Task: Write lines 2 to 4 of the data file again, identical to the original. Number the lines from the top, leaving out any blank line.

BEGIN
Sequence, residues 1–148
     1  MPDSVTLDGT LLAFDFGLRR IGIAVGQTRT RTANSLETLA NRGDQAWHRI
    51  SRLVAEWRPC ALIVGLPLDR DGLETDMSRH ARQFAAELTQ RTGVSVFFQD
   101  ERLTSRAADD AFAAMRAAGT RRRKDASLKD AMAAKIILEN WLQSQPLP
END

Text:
     1  MPDSVTLDGT LLAFDFGLRR IGIAVGQTRT RTANSLETLA NRGDQAWHRI
    51  SRLVAEWRPC ALIVGLPLDR DGLETDMSRH ARQFAAELTQ RTGVSVFFQD
   101  ERLTSRAADD AFAAMRAAGT RRRKDASLKD AMAAKIILEN WLQSQPLP